So you’ve got red, itchy skin that just won’t go away… Now what? The next step is having your dermatologist determine if you’re facing eczema or psoriasis. To the untrained eye, these conditions have many similarities, but these signs can help determine what is the best plan of care for you.
Look and Feel
Eczema often causes an intense itch that is almost unbearable to those with the condition. People living with eczema can even scratch enough to cause bleeding. Appearance wise, eczema causes skin to become red and inflamed. It can be scaly, oozing or crusty and dark, leathery patches of skin can sometimes occur as well. When inflamed, eczema can also cause the skin to swell.
Psoriasis, on the other hand, can be itchy, but that’s not the most defining feature of this skin condition. Those suffering with psoriasis often compare it to “getting bitten by fire ants.” You see, psoriasis stings and burns more than it itches. Like eczema, psoriasis can also cause red patches on the skin, but these patches are often silvery, scaly and raised up. The skin is a lot thicker and more inflamed that eczema-prone skin.
Who It Affects
A common misconception about eczema is that it only affects babies and younger children. While it’s true that these ages often experience eczema more, that’s not always the case. Sometimes an eczema diagnosis is found as an adult. When this happens, it is usually the result of another condition like stress or hormonal changes.
Psoriasis, on the other hand, is rarely seen in babies. It is most likely to show up between the ages of 15 and 35. While more teens and adults are diagnosed with psoriasis, only 1% of children have it.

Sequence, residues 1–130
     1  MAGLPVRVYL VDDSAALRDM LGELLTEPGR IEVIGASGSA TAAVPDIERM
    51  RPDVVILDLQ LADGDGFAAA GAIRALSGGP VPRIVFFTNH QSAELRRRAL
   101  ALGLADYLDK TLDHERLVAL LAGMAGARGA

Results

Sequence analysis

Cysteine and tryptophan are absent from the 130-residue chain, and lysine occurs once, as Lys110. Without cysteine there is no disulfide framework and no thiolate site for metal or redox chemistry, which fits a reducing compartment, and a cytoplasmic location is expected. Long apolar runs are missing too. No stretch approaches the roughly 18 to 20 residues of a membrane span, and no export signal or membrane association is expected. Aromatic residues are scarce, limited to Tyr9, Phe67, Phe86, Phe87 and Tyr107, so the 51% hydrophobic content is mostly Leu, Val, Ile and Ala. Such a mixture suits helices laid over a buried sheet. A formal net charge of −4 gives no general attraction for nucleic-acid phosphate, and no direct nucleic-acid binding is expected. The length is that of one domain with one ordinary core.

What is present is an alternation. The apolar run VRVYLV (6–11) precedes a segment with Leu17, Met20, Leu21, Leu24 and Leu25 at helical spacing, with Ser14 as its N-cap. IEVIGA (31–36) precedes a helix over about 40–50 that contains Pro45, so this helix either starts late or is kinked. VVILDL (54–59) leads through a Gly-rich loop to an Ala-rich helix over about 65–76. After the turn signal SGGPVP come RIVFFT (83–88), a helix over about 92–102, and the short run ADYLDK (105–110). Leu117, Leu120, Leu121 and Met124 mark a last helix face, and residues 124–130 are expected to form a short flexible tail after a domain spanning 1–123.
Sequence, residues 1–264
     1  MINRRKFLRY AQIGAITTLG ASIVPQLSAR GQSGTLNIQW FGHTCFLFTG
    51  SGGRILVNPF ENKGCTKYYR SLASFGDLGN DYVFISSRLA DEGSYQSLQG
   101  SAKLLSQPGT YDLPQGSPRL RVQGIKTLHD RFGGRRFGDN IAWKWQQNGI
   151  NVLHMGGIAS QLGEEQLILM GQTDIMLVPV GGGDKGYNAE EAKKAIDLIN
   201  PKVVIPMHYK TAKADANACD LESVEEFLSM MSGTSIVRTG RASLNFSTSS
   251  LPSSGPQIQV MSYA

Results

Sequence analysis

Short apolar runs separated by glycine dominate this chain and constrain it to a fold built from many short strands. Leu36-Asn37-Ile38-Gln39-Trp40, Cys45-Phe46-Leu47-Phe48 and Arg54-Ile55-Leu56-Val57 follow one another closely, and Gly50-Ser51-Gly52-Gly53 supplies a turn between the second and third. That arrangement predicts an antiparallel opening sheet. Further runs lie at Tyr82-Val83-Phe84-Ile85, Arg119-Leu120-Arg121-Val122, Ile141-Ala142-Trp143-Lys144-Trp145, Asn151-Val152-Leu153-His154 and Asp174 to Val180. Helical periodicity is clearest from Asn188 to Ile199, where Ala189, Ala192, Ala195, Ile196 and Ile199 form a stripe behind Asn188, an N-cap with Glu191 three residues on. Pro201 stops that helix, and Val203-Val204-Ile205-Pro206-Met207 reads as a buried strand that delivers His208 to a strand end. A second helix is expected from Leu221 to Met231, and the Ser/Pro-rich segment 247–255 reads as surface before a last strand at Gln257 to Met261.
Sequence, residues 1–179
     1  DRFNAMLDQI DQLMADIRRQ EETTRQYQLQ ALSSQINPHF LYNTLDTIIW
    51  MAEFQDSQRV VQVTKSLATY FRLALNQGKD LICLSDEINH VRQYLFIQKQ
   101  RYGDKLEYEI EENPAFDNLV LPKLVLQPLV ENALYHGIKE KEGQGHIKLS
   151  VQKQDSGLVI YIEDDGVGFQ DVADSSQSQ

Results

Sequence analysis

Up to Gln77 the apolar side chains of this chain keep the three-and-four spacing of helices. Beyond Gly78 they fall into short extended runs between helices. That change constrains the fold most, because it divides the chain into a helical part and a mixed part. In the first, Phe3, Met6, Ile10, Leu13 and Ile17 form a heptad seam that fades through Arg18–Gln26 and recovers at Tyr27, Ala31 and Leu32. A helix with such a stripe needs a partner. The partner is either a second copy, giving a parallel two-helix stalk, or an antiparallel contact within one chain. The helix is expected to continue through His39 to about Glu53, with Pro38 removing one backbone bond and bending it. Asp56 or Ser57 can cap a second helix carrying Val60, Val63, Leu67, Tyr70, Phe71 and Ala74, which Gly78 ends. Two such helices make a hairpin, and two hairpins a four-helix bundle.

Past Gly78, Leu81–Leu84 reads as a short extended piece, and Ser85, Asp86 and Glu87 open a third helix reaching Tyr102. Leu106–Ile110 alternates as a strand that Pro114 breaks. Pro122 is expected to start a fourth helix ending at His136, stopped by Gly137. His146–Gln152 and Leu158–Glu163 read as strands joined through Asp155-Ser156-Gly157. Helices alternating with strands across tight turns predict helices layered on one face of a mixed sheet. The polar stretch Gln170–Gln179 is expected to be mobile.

What Parts of the Body They Affect
Eczema is often found on parts of your body that bend, like your inner elbow or behind your knees. It can also be found in various locations like the wrists, ankles and neck, but it can be limited to the hands. Hand eczema comes with many of the same symptoms as regular dermatitis but can be hard to diagnose at first because many people without eczema deal with dry hands, especially during the colder months.Babies can have eczema in even more places including their chin, scalp, chest, back, arms, legs and cheeks.
Psoriasis shows up on places like your scalp, face, knees, elbows, lower back, palms of your hands and even the soles of your feet. Patches can occur in less conventional places as well, like fingernails, toenails, mouth, lips, eyelids and ears.
Your environment has a lot to do with a potential eczema flare. Allergies are a big trigger, especially exposure to allergens such as dust, pet fur, pollen, mold and dandruff. You may not be able to control your exposure to these potential irritants, but you can limit the use of fragrant soaps, detergents and disinfectants, which are all flare-causing materials as well. Even the food you eat and prepare can affect the balance of your eczema. Juices from produce and meats are notorious for triggering an eczema flare.
Not only can psoriasis be triggered by stress and infection, but it can also occur when your skin is damaged or injured. Some examples of this include vaccinations, scratches and sunburns. Certain medications may trigger a psoriasis flare as well.
Questions to Ask Your Dermatologist
Now that you know some common signs and misconceptions about eczema and psoriasis, it’s time for you to schedule an appointment with your dermatologist. Here are a few great questions to ask them once you get there:
- Can eczema/ psoriasis cause other complications?
- How can I curb my itching/ pain?
- Is there anything you can recommend to help reduce or soothe itching at night?
- Can someone have eczema and psoriasis at the same time?
- If I have eczema/ psoriasis are my children likely to end up with eczema or atopic dermatitis?
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